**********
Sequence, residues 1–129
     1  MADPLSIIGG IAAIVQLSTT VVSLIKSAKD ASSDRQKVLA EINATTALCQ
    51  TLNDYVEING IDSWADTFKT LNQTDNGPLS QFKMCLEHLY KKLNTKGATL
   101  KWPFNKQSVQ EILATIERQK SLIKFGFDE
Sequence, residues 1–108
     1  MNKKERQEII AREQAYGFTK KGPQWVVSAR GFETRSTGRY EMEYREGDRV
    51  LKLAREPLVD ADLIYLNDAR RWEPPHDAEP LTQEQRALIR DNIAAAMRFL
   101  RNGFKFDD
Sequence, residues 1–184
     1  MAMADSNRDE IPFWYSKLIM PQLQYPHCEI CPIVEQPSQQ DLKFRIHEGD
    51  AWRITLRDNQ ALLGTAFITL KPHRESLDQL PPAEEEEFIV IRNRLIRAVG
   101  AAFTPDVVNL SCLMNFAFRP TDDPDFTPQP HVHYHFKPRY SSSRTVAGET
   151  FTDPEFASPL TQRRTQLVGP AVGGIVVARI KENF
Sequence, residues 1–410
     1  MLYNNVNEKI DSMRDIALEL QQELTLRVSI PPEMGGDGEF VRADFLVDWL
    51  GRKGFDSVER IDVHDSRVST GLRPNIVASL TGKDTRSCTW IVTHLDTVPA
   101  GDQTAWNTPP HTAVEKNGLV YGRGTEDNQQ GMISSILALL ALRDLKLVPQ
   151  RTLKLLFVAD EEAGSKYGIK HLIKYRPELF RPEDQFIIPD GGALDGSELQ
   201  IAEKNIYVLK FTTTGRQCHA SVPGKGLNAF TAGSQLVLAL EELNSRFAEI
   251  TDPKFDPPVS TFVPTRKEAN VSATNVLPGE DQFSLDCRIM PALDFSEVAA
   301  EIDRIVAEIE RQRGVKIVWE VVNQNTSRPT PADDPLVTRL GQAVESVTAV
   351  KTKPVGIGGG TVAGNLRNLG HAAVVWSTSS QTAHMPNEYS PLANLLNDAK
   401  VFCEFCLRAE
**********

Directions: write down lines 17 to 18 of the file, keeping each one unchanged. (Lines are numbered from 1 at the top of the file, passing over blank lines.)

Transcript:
   101  GDQTAWNTPP HTAVEKNGLV YGRGTEDNQQ GMISSILALL ALRDLKLVPQ
   151  RTLKLLFVAD EEAGSKYGIK HLIKYRPELF RPEDQFIIPD GGALDGSELQ